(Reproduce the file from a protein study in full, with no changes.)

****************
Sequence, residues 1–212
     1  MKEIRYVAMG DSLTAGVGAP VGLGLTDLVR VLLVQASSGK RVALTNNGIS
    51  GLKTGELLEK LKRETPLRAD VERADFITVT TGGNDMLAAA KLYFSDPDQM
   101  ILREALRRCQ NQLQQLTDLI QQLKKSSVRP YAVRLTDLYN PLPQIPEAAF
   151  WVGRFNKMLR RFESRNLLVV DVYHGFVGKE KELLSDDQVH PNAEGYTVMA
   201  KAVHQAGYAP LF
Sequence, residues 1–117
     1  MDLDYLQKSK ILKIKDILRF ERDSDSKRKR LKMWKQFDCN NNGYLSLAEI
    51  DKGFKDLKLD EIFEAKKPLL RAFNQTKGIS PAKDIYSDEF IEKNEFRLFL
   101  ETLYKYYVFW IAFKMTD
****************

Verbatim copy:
Sequence, residues 1–212
     1  MKEIRYVAMG DSLTAGVGAP VGLGLTDLVR VLLVQASSGK RVALTNNGIS
    51  GLKTGELLEK LKRETPLRAD VERADFITVT TGGNDMLAAA KLYFSDPDQM
   101  ILREALRRCQ NQLQQLTDLI QQLKKSSVRP YAVRLTDLYN PLPQIPEAAF
   151  WVGRFNKMLR RFESRNLLVV DVYHGFVGKE KELLSDDQVH PNAEGYTVMA
   201  KAVHQAGYAP LF
Sequence, residues 1–117
     1  MDLDYLQKSK ILKIKDILRF ERDSDSKRKR LKMWKQFDCN NNGYLSLAEI
    51  DKGFKDLKLD EIFEAKKPLL RAFNQTKGIS PAKDIYSDEF IEKNEFRLFL
   101  ETLYKYYVFW IAFKMTD